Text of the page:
It was the one thing that was supposed to console him that cut Locke the deepest. They all told him the same story: right before she'd died (cut down by shrapnel, they said, and finally eaten away by an infection beyond the skill of their rustic doctor) Rachel's memory had come back to her. Her last request before the delirium took her was to tell Locke that she loved him; her last words, wracked with fever, had been his name.
To the friends he'd left behind in Kohlingen, this was a comforting thing. It was the triumph of Love with a capitol L. Even if it was at the last possible moment, Rachel had remembered him, called back all of their shared memories she'd lost. She had died in love with him again, and all was put tragically to rights.
This is what everyone else thought of her dying words. Locke only heard a cry for help that had gone unanswered. Try as he might, he could not be happy she had remembered him at her death — it only meant that she knew, as she lay coughing blood onto the blasted soil, that he was supposed to be there to protect her. And when she needed it most, he wasn't. She'd loved him at the end, yes, and forgiven him too, it seems — but she still died knowing that the one she loved had failed her.
That, Locke always thought, was what had driven him mad.
He had to be mad. Sane people moved on, found new lovers, left flowers on gravestones and remembered the dead without guilt or aching regret. They most certainly do not cut under-the-table deals with the undertaker who happens to be an amateur chemist (or perhaps 'alchemist' would be a better term) to have their deceased lovers held in suspended animation in some vain, outrageous hope of revival.
Before Locke had returned home to find Rachel dead, he'd heard the rumors of the Empire's witch, who could summon fire with a word and heal wounds with a touch. He'd heard of the machines which devastated opposing armies, powered by some unheard-of force. And everywhere, one word was whispered again, in earnest awe and fear: magic.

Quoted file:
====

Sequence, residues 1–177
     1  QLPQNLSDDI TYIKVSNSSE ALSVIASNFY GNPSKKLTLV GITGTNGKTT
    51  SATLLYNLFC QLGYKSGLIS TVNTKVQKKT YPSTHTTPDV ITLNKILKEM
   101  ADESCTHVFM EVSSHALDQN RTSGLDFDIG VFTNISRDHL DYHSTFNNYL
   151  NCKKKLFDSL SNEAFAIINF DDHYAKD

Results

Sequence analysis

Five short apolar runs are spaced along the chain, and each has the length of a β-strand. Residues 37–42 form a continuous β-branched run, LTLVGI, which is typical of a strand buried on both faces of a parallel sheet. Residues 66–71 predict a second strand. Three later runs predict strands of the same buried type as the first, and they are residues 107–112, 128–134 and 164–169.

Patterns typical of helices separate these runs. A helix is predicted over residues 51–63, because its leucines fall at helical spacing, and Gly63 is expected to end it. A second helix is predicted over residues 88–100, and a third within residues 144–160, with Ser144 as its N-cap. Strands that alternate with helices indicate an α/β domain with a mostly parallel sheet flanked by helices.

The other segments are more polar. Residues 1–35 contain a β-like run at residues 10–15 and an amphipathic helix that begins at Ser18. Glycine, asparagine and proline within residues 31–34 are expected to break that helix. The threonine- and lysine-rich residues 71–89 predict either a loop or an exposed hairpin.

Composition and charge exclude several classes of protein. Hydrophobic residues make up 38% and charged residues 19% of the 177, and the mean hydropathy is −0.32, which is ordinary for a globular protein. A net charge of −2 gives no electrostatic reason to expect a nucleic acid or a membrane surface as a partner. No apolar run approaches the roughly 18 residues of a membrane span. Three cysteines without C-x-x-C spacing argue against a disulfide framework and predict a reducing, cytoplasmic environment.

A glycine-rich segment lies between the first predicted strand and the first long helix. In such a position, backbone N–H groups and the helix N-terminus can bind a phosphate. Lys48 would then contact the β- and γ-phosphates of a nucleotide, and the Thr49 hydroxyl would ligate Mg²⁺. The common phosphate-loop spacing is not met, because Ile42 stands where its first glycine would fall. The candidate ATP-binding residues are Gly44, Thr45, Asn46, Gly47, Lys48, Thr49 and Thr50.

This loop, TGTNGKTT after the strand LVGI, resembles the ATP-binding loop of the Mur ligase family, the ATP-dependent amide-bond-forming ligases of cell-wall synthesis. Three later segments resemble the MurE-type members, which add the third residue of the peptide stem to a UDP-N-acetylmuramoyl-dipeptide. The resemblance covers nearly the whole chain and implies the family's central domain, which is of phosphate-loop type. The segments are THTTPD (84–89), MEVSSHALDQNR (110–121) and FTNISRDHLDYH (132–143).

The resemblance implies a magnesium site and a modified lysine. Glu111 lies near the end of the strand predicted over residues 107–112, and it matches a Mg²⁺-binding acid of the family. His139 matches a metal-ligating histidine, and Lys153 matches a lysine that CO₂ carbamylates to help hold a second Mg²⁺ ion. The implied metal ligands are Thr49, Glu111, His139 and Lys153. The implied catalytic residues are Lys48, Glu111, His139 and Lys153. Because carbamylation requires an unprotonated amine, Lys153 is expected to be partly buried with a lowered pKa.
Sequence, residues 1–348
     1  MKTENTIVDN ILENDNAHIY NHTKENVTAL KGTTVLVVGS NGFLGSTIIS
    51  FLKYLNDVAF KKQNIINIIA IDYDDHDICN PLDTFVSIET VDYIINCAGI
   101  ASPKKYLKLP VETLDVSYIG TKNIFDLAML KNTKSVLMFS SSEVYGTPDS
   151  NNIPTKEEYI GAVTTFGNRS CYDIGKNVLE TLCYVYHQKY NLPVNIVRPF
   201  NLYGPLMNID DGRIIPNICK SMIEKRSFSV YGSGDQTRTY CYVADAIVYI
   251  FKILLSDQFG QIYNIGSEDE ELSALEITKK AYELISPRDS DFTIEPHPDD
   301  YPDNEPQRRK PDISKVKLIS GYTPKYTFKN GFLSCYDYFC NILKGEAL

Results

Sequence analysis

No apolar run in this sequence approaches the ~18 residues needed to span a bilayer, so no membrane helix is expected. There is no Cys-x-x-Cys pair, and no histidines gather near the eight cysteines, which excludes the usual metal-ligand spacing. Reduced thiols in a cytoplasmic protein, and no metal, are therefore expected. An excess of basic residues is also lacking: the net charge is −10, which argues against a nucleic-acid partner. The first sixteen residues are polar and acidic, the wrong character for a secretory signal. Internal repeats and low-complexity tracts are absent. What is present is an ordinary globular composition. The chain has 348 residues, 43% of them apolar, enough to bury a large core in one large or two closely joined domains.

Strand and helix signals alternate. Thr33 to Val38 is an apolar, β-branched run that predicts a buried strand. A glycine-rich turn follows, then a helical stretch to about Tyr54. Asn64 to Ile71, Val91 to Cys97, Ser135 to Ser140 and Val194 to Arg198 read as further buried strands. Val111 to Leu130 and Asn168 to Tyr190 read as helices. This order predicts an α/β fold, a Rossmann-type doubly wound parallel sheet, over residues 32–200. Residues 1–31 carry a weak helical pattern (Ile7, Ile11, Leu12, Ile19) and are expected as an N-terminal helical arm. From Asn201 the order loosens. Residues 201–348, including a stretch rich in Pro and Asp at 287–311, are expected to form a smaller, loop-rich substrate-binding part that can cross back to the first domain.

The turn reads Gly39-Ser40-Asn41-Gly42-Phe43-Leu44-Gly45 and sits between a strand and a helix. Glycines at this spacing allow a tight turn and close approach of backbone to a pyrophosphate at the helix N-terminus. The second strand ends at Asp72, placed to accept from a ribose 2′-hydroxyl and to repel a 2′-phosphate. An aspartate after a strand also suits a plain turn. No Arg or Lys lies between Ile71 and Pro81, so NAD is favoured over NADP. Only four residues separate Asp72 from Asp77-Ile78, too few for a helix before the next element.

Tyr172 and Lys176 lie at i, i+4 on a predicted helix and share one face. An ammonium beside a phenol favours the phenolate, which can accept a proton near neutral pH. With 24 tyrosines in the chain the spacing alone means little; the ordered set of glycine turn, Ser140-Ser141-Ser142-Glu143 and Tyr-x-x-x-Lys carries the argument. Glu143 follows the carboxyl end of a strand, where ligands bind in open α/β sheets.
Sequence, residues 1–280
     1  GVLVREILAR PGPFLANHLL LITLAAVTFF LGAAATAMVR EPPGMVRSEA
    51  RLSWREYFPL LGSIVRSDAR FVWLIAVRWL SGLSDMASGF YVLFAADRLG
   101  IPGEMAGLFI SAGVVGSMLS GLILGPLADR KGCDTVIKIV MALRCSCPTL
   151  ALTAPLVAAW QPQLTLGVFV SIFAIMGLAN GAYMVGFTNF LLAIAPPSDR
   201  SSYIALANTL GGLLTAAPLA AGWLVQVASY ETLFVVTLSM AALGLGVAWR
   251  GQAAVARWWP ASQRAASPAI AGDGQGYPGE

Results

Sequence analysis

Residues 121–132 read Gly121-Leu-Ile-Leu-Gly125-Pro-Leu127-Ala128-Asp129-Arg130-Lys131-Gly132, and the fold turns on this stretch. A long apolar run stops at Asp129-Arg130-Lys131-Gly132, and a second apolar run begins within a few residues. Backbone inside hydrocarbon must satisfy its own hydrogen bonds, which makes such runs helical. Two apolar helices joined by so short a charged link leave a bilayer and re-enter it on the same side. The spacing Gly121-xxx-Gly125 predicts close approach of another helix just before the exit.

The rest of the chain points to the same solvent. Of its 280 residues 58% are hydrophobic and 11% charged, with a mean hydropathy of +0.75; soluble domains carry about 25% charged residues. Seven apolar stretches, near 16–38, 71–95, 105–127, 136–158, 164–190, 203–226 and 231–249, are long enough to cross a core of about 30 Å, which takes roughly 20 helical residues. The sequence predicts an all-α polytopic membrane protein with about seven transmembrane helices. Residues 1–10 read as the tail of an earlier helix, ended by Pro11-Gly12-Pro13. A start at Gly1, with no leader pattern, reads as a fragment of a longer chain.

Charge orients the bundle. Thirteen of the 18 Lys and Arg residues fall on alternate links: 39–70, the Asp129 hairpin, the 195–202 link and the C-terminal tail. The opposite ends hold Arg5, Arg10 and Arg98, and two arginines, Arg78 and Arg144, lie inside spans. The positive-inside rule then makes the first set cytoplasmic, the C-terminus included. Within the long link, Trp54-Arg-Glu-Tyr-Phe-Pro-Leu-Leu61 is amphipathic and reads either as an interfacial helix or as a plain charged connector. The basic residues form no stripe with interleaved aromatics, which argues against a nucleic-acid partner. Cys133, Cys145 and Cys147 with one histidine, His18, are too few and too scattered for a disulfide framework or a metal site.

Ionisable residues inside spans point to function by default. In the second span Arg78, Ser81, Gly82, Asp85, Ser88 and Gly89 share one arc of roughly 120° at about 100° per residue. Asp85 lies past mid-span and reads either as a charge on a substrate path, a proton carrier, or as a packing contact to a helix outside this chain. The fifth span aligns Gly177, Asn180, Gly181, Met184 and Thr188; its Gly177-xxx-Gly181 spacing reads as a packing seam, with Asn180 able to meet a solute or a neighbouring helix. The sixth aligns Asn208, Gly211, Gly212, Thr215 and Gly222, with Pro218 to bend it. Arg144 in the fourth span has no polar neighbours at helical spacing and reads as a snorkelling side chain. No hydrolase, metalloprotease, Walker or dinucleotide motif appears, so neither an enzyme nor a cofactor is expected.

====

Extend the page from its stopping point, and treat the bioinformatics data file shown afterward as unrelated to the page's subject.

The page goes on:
If you could call her, I bet she'd come back! That had been the undertaker's flippant reply to Locke's muttered wish that everything would be undone. If you could call her... But that was ridiculous. No one could cheat death.
But what was magic if not cheating the laws of nature? If the Empire really did have magic, or something like it, then there was a hope — a fool's hope, a madman's hope — that he could still save Rachel. And if it was anywhere, it lay within the uncaring machine that was the Empire.
He'd left Kohlingen again, not in despair but in resolve. Subterfuge came easy to him, and eventually he'd broken into enough Imperial laboratories and treasuries to warrant the attention of the resistance. He'd become the Returners' master saboteur and spy, and informer to the King of Figaro himself. And through it all, he made sure that not a soul could say that Locke Cole had failed them.
Every six months he went back to Kohlingen, and Rachel. He sat at the foot of her bed and watched her not breathing — never daring even the slightest touch, because he knew she'd feel cold and still, so jarringly unlike the warm and quick-limbed girl she'd been. The strange herbs of the undertaker had rendered her immune to the ravages that time wrought on the dead, but Locke could not make himself imagine, even for a moment, that she was merely sleeping. No amount of chemistry or herbalism could hide the unnatural stillness, or the fact that his own breathing was the only sound echoing off the cold basement walls. He brought two bouquets every time he came to town — one for the graveyard, and another for her resting place in the undertaker's basement. Each time he came back the flowers on the grave were long since gone, but the undertaker perversely employed his alchemy on the bouquets in the basement so they accumulated over the years. He claims he's saving them up for Locke and Rachel's wedding...rather a cruel joke, really.
There are ten bouquets in the basement now.